JVM implementations that do not map Java thread priorities to system thread priorities must not implement Thread.yield as NOP. It does not allow to properly implement background activity (for performance reasons).
I saw behaviour that looks like NOP implementation on Linux and Solaris implementations. (On windows it's probably NOP too but it does not matter as it maps thread priorities).
LOWERed priority, this bug is workaround for 4813310.
Not-a-bug. See the comments in http://java.sun.com/j2se/1.5.0/docs/guide/vm/thread-priorities.html.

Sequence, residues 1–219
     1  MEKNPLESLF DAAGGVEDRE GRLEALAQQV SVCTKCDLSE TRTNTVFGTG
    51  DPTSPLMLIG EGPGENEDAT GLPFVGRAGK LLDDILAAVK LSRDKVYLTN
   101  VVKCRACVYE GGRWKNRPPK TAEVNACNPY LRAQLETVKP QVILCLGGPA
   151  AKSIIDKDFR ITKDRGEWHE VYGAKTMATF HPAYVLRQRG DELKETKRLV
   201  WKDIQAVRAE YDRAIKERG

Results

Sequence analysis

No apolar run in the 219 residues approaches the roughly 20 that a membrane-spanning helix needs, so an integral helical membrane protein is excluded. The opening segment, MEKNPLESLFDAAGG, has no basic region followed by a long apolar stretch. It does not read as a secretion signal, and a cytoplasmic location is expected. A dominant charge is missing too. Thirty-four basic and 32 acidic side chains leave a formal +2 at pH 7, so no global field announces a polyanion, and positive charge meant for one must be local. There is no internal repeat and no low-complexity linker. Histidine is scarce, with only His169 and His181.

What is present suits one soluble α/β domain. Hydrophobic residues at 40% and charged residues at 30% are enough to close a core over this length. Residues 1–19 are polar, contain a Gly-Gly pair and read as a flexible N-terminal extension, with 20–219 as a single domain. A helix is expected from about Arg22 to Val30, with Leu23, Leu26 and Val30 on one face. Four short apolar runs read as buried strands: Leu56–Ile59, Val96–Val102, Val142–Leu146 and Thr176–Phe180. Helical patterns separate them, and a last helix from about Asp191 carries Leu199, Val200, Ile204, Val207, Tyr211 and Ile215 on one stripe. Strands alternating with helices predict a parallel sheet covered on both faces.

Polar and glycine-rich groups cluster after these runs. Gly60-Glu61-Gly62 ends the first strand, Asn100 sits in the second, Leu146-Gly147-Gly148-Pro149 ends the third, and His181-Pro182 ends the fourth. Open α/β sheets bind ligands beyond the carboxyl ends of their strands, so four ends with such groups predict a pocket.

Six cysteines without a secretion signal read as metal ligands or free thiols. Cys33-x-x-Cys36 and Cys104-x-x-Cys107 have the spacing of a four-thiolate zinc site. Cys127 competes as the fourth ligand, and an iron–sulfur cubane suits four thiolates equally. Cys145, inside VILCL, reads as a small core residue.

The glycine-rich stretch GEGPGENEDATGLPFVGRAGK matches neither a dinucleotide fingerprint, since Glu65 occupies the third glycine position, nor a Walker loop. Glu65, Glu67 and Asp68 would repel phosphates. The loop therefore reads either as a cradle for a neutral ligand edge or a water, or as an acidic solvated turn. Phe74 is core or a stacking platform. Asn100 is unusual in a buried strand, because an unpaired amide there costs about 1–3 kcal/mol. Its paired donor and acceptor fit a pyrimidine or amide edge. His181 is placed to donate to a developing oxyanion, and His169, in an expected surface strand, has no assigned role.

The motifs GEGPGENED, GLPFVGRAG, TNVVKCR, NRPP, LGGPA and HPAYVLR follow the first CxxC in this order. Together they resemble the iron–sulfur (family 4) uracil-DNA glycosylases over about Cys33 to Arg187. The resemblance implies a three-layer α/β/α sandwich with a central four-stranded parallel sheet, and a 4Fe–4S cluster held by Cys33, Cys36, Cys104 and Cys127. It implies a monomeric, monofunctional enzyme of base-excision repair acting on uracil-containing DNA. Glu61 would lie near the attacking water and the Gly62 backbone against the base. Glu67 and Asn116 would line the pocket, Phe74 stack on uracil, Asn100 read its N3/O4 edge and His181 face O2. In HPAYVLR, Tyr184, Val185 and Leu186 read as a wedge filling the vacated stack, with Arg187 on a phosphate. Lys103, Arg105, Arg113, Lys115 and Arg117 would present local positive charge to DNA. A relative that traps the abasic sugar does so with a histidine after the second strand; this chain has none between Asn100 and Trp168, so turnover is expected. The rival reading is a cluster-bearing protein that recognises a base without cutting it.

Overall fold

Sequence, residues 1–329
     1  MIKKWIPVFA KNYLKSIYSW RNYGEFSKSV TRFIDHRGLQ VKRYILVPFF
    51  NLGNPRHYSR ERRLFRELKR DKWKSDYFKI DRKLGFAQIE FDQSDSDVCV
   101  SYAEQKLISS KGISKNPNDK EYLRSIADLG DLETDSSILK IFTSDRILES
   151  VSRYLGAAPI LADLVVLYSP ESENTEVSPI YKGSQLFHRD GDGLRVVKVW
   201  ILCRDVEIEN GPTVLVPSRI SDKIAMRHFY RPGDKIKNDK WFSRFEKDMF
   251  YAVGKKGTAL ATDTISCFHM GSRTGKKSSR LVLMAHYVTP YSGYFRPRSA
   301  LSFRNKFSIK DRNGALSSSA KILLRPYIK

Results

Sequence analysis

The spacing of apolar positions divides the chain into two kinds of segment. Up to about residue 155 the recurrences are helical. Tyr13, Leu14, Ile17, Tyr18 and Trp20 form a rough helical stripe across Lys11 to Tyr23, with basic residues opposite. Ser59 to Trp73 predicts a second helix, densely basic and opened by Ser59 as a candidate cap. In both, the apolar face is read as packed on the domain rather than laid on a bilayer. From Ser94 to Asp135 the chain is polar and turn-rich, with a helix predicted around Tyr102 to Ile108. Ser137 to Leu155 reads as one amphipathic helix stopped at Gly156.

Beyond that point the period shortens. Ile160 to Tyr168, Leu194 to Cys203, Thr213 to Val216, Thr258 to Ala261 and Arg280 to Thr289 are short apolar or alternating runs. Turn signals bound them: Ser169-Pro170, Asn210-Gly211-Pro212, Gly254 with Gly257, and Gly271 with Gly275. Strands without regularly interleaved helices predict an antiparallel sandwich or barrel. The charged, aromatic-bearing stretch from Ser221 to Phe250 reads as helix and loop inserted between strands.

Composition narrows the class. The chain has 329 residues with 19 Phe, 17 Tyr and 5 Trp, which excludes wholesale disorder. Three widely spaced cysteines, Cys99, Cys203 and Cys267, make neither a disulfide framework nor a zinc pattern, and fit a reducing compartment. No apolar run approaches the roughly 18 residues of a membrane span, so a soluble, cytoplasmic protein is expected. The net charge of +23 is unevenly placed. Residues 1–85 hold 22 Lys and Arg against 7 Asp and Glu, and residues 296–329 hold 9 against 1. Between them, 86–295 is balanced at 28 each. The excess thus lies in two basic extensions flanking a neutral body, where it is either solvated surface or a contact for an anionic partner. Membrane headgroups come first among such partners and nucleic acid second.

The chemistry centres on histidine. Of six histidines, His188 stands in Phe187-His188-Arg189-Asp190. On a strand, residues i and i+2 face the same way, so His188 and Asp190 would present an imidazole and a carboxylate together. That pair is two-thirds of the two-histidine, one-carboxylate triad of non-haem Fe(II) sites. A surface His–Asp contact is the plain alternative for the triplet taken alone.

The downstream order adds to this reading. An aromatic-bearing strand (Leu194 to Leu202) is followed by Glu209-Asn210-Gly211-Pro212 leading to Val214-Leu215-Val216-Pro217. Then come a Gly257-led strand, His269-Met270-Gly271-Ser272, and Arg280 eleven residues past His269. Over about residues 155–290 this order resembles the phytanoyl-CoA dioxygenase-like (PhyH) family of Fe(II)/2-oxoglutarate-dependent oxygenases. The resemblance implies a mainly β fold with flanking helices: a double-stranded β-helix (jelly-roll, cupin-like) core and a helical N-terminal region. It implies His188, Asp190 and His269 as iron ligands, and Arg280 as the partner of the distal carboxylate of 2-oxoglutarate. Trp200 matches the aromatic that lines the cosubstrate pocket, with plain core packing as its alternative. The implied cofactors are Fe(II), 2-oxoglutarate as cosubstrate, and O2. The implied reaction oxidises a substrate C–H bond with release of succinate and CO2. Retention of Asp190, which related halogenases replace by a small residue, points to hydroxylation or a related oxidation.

The Thread.setPriority and Thread.yield methods are advisory. They constitute hints from the application to the JVM. Properly written, robust, platform-independent code can use setPriority() and yield() to optimize the performance of the application, but should not depend on these attributes for correctness. Likewise, no assumptions should be made about the order in which threads are granted ownership of a monitor or the order in which threads wake in response to the notify or notifyAll method. An excellent reference for these topics is Chapter 9, "Threads," in Joshua Bloch's book Effective Java Programming Language Guide.